I am logging my home router's firewall. It gives a lot of entries like these:

 07:17:00.157793 IP > SYSLOG local0.alert, length: 136
 07:17:00.755564 IP > SYSLOG local0.alert, length: 136
 07:17:00.918577 IP > SYSLOG local0.alert, length: 136
 07:17:02.746611 IP > SYSLOG local0.alert, length: 136 is my router. It seems unlikely my router would make these queries by itself. How do I find out where it is coming from and (what) should I do something about it?

  • You configure your router to send syslog messages to and then you think that your router would not be sending things to by itself? This makes no sense. What I think you are looking for is to understand what the different fields are in the log. From your comment below, serialgateway is the source port that the router is sending syslog messages from. This makes this not a security question, but simply a TCP basics question.
    – schroeder
    May 6, 2019 at 10:02
  • 2
    You are not understanding the facts so you are assuming the worst instead of systematically understanding what you are seeing. So much so, you posted on an information security site. You assumed "querying", dictionary attacks", and that 10,000 entries is relevant. These are an overraction (a freak out).
    – schroeder
    May 6, 2019 at 12:29
  • 1
    Please, please, just google TCP/IP source ports as I have said from the beginning.
    – schroeder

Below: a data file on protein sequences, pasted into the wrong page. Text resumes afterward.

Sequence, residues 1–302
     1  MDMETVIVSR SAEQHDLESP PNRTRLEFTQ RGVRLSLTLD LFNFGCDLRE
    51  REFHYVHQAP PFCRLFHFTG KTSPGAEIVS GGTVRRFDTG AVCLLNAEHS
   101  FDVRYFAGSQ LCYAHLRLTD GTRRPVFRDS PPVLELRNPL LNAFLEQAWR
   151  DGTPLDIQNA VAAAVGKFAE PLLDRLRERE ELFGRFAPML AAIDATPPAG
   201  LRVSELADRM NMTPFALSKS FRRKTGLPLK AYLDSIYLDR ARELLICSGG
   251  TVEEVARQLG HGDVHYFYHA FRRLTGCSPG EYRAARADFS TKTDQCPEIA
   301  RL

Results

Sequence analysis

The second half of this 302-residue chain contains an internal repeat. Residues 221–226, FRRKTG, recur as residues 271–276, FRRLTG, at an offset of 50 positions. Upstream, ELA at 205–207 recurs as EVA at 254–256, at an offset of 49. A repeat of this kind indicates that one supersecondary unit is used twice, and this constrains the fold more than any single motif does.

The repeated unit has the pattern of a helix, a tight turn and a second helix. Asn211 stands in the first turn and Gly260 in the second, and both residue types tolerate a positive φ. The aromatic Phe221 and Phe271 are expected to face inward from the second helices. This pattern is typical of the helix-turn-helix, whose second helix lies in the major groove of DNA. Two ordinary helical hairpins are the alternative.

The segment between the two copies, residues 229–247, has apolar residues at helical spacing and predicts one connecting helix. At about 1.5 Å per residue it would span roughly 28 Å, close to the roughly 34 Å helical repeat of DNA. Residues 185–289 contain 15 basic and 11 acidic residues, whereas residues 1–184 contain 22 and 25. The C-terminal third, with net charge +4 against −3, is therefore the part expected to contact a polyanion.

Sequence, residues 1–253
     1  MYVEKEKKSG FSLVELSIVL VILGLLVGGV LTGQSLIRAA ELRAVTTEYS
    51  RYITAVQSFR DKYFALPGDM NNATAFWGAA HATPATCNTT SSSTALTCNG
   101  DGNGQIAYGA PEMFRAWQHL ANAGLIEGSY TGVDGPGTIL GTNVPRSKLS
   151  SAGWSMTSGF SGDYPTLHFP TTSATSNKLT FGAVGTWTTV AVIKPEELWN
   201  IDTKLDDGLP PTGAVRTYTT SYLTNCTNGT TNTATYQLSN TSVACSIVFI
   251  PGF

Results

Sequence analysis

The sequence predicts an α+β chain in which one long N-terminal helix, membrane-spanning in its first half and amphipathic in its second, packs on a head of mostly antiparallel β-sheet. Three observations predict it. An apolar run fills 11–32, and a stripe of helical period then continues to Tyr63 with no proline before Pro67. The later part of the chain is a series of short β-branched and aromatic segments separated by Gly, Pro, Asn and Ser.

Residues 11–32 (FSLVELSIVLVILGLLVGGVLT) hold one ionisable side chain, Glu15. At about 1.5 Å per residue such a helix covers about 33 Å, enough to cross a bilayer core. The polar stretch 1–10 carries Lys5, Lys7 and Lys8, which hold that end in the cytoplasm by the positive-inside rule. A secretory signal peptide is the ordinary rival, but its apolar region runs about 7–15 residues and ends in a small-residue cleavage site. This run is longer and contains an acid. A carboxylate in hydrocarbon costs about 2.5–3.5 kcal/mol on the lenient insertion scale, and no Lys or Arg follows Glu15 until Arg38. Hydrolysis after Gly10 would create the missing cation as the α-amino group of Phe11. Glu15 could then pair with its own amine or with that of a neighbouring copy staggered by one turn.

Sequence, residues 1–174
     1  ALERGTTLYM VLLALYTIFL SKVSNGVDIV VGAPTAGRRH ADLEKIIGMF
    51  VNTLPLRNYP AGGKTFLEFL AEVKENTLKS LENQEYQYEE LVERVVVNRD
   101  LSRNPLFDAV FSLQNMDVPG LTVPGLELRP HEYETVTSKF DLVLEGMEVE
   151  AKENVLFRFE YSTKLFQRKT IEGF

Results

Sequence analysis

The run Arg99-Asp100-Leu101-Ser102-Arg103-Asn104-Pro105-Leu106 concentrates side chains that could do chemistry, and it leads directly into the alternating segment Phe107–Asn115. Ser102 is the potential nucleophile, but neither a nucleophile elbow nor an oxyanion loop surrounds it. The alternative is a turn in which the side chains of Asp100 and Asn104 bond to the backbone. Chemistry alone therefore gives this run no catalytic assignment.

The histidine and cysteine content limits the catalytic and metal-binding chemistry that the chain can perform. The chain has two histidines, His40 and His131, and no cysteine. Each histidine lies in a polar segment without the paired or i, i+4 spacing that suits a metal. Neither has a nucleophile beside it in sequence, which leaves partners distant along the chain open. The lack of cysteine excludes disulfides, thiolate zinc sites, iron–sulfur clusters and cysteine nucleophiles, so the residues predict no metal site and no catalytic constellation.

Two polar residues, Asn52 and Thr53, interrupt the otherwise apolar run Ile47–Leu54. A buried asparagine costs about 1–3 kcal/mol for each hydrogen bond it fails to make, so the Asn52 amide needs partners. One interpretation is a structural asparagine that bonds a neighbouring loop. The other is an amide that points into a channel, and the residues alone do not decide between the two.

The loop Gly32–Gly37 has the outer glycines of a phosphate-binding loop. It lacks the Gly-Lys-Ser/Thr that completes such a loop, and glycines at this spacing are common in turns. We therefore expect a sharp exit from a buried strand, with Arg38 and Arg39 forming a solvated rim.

May 6, 2019 at 12:29
  • 1
    That's fine. You asked a non-security question on a security site, that's all.
    – schroeder
    May 6, 2019 at 12:34
  • 2
    and I explained that part
    – schroeder
    May 6, 2019 at 12:55

1 Answer 1


Your router is sending these packets itself. They contain log messages. The syslog protocol is generally used to record the logs from several devices on a central server.

Your router has been configured to send log messages to You should find a page somewhere in the router's web UI to allow you to change the address or disable syslog entirely.

.serialgateway, .payrouter, .isbconference1, .isbconference2, etc. is the name of the source port. Usually source port numbers are chosen randomly (only the destination port really matters). The program you are using to capture the data is looking up which protocol normally uses those ports and displaying that instead of the number. Apparently the "random" ports your router is sending packets from, are the ports typically used by some other protocols. There is no security problem with that.

  • what are the .payrouter, .isbconference1, .isbconerence 2, (1000's of these) etc. ? It looks like something is running a dictionary on my router or something (I enabled this logging myself) May 6, 2019 at 7:51
  • @JuliusBaer I updated the answer.
    – user253751
    May 6, 2019 at 21:46

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